I only have vague memories of the original Queer Eye for the Straight Guy. Airing in 2003 until 2007, it was a time when LGBTQ+ actors and TV stars were often, unfortunately, portrayed as camp stereotype. The noughties’ reality TV show relied on a premise of gay men guiding clueless straight men to a world of styling, personal grooming and an overhaul of their caveman-like lifestyle. When it was announced that the newly abbreviated Queer Eye would be coming back to our screens again in 2018 via Netflix, many people wondered if we weren’t past the reductive roles of the noughties. I wondered if a new ‘makeover show’ (which are often just a nice name for a show that bullies someone with low self-esteem) would really work in a ‘woke’ world?
How wrong I was. From the first five minutes in, I was converted and in love with ‘Queer Eye’. And not just because it speaks to my love of trashy tv and fashion montages either. Where the show really comes into its own is with the emotional makeovers that the Fab Five work on with their guests.
The show’s plot is much the same as before, but with some important updates. There’s a new Fab Five, of course, consisting of Bobby (design), Antoni (food), Jonathan (grooming), Tan (fashion) and Karamo (culture) and they’ve moved to new surroundings in Atlanta. The show is no longer aimed at just helping straight guys; it’s now open to men of any sexual orientation.
What sets it apart from its predecessor is its message. You can be whomever you want to be and you deserve to love yourself. The show’s most outstanding message is that spaces for straight guys to express vulnerability are something that’s sorely needed. In an op-ed for the New York Times about the recent school shooting in the U.S, Michael Ian Black summed up how damaging toxic masculinity can be: “To be a girl today is to be the beneficiary of decades of conversation about the complexities of womanhood, its many forms and expressions. Boys, though, have been left behind. No commensurate movement has emerged to help them navigate toward a full expression of their gender. It’s no longer enough to ‘be a man’ — we no longer even know what that means.”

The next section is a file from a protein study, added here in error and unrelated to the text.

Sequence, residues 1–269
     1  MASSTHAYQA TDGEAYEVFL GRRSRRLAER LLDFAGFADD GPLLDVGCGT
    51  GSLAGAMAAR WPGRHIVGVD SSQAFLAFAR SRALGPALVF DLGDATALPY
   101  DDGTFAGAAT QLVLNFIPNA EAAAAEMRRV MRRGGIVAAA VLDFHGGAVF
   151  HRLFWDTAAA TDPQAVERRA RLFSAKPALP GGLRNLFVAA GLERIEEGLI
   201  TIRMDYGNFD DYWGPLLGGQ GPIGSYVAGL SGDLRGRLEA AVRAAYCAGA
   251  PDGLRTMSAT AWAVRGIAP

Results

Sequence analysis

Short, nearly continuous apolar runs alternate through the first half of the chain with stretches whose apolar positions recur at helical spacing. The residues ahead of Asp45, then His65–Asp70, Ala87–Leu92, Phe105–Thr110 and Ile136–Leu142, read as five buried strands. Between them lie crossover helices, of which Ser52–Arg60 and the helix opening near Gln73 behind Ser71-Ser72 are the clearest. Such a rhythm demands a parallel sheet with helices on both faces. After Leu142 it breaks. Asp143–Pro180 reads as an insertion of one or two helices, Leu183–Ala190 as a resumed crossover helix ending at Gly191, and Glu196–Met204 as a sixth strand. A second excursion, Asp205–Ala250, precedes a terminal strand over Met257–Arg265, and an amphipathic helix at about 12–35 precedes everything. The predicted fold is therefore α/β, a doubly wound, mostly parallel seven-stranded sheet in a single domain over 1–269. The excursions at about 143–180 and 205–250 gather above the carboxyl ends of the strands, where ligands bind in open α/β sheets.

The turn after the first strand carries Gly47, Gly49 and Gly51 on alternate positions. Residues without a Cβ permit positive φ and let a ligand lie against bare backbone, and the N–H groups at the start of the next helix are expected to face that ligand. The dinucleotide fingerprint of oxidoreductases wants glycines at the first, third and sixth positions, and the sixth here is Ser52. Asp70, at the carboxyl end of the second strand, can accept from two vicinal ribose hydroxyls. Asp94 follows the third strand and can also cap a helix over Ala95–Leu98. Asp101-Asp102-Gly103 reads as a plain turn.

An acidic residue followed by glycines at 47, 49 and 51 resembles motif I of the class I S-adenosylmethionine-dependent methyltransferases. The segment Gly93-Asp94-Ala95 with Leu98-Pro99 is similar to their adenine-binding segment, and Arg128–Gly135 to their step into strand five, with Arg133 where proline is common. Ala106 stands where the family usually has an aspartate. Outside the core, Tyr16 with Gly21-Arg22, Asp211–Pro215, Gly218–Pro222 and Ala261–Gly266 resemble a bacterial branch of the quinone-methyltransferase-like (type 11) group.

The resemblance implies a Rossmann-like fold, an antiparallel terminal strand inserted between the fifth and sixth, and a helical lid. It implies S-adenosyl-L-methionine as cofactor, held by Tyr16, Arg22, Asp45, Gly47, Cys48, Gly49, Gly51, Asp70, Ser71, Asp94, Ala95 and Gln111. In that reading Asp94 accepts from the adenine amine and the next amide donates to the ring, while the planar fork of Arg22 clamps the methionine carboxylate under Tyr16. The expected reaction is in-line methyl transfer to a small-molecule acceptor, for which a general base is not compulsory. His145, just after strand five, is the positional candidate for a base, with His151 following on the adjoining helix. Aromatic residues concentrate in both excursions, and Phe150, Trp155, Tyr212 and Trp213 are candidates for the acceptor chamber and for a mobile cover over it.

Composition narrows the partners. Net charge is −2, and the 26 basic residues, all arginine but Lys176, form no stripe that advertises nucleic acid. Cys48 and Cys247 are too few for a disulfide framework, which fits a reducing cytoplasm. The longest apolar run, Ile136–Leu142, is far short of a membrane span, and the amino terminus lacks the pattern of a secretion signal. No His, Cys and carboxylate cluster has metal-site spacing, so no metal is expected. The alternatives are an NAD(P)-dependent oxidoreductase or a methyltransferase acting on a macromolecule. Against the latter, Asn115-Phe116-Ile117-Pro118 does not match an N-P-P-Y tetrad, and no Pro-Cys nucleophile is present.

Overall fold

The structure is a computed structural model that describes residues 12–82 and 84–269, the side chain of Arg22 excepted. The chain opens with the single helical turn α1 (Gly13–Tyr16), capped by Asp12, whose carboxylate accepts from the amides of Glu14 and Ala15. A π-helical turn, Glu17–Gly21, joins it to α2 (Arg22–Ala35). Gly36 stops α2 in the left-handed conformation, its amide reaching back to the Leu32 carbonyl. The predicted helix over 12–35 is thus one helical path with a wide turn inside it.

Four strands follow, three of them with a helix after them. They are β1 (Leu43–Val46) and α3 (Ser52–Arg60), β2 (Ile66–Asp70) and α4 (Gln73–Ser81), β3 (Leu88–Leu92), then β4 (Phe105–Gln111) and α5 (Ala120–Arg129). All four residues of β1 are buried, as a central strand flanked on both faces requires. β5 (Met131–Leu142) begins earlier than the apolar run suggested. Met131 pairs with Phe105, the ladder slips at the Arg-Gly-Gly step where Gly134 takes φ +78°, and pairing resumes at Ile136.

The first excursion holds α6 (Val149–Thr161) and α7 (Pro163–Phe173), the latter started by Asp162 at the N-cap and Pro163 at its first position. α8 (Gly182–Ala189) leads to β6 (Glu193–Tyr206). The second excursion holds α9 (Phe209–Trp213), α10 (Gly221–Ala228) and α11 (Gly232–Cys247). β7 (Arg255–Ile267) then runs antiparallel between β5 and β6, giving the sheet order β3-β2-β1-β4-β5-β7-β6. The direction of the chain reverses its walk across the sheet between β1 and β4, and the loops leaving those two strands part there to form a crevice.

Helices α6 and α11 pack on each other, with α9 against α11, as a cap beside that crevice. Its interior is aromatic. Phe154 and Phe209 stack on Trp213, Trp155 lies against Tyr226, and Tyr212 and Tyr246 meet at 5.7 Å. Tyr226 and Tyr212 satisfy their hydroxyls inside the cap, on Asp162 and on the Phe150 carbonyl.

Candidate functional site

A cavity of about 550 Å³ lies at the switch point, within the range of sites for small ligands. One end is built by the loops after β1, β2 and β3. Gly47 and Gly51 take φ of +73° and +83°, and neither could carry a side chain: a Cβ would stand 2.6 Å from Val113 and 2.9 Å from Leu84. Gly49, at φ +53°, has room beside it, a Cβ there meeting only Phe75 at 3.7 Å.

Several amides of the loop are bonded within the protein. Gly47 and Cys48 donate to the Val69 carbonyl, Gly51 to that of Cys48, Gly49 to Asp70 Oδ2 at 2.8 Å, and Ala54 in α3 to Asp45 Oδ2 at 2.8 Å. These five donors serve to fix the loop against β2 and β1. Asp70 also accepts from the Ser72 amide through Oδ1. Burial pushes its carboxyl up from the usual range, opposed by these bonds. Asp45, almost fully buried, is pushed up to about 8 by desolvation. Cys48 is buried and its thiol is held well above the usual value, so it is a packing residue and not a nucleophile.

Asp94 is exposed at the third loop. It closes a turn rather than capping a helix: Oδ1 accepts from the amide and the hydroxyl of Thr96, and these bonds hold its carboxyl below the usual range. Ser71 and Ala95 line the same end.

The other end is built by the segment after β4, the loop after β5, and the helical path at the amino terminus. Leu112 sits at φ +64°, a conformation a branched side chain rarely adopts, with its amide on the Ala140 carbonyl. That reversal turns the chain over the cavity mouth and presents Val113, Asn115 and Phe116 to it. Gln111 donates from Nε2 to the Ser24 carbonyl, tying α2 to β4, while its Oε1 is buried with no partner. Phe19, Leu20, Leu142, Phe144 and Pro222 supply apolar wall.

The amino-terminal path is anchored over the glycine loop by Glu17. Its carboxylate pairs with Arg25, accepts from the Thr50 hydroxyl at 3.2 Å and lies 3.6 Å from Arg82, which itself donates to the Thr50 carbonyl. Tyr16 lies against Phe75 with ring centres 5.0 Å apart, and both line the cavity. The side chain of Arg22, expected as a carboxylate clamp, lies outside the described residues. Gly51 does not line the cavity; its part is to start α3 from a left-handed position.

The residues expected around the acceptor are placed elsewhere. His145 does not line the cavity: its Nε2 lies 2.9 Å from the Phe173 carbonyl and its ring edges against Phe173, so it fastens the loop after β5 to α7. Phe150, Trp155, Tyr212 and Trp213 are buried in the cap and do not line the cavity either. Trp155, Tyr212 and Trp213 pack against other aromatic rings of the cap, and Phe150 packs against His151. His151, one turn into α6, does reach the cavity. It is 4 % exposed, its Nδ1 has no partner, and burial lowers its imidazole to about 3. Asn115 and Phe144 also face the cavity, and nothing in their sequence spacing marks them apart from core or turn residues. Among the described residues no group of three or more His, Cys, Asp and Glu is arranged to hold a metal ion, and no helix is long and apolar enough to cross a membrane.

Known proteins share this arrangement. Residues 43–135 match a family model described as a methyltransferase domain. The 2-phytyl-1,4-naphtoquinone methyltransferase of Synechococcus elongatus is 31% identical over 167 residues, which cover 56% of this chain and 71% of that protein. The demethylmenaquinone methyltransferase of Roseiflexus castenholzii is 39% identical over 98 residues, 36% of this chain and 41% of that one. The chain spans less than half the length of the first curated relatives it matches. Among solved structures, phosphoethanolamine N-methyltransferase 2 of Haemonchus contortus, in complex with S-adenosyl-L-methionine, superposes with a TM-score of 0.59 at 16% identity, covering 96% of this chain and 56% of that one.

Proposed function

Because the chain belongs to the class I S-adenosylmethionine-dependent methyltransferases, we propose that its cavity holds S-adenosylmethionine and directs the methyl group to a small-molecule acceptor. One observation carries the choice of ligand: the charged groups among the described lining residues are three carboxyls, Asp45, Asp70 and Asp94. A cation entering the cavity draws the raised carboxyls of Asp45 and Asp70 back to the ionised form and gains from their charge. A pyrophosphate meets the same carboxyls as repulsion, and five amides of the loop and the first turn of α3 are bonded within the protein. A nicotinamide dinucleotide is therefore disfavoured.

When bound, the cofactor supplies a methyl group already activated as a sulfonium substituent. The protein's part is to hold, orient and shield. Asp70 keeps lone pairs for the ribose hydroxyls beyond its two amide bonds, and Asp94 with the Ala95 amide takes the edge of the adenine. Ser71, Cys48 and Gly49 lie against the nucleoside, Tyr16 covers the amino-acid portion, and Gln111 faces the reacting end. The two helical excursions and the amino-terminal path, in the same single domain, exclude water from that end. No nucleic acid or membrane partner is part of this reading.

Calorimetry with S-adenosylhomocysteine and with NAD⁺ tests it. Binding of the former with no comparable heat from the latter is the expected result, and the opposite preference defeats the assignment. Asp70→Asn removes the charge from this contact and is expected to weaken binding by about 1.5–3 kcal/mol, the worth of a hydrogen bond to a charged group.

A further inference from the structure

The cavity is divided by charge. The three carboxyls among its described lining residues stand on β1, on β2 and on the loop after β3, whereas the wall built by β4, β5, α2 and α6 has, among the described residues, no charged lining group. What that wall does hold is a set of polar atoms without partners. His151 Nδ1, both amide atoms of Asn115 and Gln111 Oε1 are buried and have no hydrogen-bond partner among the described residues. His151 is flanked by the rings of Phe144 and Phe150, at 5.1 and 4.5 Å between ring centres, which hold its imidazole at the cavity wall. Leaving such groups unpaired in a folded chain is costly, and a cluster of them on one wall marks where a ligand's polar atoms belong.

Obviously, a man turning to mass violence is an extreme example of what societal pressures can result in, but the message remains the same. Men need space to cry, to be in touch with their emotions and to express love. This is what Queer Eye does so wonderfully. The hosts of the show coax stories of fear, of repressed sexuality, of struggles with religion and identity from their guests, and they do this with the type of love that a lot of straight guys have been taught to deflect.
“We have fallen in love with you and I didn’t expect to have this moment with you. And you are such an amazing man” hears a teary-eyed Tom, the subject of the first episode. To give some context, Tom is a bearded older gentleman from a small town in Georgia, whose favourite activity is to sit in a recliner in the backyard and smoke. At first, one might assume that Tom is adverse to showing emotion, but the Fab Five open him up to the idea of self-love that might have seemed alien to Tom before.
We’re in an era of feel-good television at the moment, where the cringe factor of people embarrassing themselves on reality TV is on the way out. With everything happening in the world, people want to see others feel good about themselves and be nice to each other. ‘Queer Eye’ has tapped into this in a major way and that’s what makes it such perfect viewing. If you’re feeling low about yourself, about the world or just in need of a laugh, this is one binge that you won’t regret.